BROOKSVILLE — The issues debated were familiar.
Lime rock roads are expensive to maintain. They throw dust clouds into the air that sicken those with breathing issues and coat houses, trees and vehicles with a white film.
On the other side of the argument, paving the roads costs a lot of money, too, and people who bought property on lime rock roads should have known what they were in for.
What wasn't so familiar was the size of the lime rock road paving project that the Hernando County Commission considered Tuesday.
In the end, the commission approved the project unanimously, taking another bite out of the 500 miles of unpaved roads in the county.
Ever since the commission loosened rules for getting lime rock road paving projects approved earlier this year, the county's Transportation Services Department has been flooded with requests.
Under the new rules, residents pay a fee to have their roadway surveyed by the county, and if 51 percent or more of those who return their cards say they want to have their street paved, the process of forming a municipal service benefit unit continues.
The county pays one-third of the ultimate construction cost; the residents pay the remaining two-thirds, divided according to the number of lots along the road.
On Tuesday, Brian Malmberg, assistant county administrator for operations, presented the commission with what amounted to the largest paving project in the time he has been on the job.
Portions of 28 lime rock roads, largely in Royal Highlands and totaling nearly 18 miles, were included. Of the 1,112 parcels along the roads, 1,031 could pay the assessment. When cards were delivered to the property owners, 558 came back, and 58 percent favored the project, Malmberg told commissioners.
The old rule required 60 percent of property owners to say yes on a petition.
For those owning property in what Malmberg referred to as Royal Highlands 2013-Road Area B, the total construction cost is an estimated $4.25 million, with each lot owner paying an estimated $3,314. On a 10-year installment plan, including interest, the cost would be approximately $473 a year.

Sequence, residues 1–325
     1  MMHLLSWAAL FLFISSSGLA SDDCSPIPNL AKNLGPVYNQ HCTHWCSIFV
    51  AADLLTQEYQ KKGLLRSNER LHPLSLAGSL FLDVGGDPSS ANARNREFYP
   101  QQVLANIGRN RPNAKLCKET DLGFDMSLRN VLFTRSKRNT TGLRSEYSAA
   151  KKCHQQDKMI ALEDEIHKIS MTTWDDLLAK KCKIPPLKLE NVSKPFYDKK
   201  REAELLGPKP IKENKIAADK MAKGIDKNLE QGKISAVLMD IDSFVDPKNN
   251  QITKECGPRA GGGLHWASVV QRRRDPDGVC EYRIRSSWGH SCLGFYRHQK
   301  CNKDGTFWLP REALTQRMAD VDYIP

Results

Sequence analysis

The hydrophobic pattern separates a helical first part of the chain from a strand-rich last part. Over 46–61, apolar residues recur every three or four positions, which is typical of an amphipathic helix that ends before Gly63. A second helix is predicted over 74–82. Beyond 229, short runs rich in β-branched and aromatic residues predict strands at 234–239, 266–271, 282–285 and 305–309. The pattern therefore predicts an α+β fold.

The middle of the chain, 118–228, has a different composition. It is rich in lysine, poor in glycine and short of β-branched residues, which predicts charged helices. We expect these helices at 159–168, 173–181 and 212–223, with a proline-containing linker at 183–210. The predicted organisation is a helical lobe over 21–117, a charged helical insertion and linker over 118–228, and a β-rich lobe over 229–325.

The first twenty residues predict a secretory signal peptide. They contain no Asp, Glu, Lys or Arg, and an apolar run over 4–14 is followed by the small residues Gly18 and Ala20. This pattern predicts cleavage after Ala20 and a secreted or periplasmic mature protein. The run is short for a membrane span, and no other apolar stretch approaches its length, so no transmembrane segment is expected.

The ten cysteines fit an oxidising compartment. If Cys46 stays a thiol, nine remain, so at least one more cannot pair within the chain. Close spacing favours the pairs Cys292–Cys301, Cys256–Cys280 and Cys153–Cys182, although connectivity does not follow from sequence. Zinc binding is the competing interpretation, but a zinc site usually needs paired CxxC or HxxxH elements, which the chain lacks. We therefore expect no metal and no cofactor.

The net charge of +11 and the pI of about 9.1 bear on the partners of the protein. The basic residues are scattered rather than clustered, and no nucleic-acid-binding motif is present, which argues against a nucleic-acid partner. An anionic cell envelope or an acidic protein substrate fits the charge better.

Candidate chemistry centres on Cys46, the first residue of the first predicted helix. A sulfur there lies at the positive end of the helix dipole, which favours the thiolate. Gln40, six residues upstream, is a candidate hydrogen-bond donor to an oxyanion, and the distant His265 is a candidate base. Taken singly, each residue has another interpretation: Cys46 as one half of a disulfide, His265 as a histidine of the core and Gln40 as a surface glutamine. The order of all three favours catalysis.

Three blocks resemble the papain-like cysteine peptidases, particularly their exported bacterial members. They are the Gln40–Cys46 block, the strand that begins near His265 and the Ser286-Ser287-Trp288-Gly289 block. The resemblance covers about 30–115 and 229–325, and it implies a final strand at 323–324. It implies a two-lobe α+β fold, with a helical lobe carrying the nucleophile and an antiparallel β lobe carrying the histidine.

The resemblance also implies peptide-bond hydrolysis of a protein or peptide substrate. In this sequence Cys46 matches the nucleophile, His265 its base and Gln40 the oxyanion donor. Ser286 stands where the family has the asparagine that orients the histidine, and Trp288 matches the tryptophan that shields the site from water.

Residents from the area packed the commission chambers.
Joe Celentano, who lives on Meinert Avenue, said that the lime rock wasn't just a cosmetic problem, but a real health concern. He asked how the cost of the paving project could be compared to the value of a human life.
Roger Giordano, on Jenny Wren Road, said he wanted the road paved, but didn't understand why the impact fees he paid when he built his house in 2005 didn't cover the paving costs.
"I really feel like I paid for this road. What happened to the money?'' he said.
Malmberg said impact fee money is reserved for more heavily traveled collector roads.
Ester Drive resident George Herman said he had no interest in seeing his road paved. A 30-year resident of the area, he said he couldn't afford the financial burden and questioned why experimental road surfaces like asphalt millings couldn't be used, with the county picking up the tab.
The cost of the paving will be less expensive than the medications that Horned Owl Road resident Jackson Jean-Marie said he must buy for his wife, who suffers from asthma.
"I am for this project,'' Jean-Marie said. "It's been a long time overdue.''
Barbara Behrendt can be reached at firstname.lastname@example.org or (352) 848-1434.